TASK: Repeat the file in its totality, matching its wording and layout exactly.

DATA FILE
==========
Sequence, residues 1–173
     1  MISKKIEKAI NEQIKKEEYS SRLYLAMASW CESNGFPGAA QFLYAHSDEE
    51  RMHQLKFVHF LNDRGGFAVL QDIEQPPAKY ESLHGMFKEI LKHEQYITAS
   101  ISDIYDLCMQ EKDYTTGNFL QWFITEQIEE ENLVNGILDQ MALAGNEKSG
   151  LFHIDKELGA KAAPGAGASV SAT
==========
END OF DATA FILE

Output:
Sequence, residues 1–173
     1  MISKKIEKAI NEQIKKEEYS SRLYLAMASW CESNGFPGAA QFLYAHSDEE
    51  RMHQLKFVHF LNDRGGFAVL QDIEQPPAKY ESLHGMFKEI LKHEQYITAS
   101  ISDIYDLCMQ EKDYTTGNFL QWFITEQIEE ENLVNGILDQ MALAGNEKSG
   151  LFHIDKELGA KAAPGAGASV SAT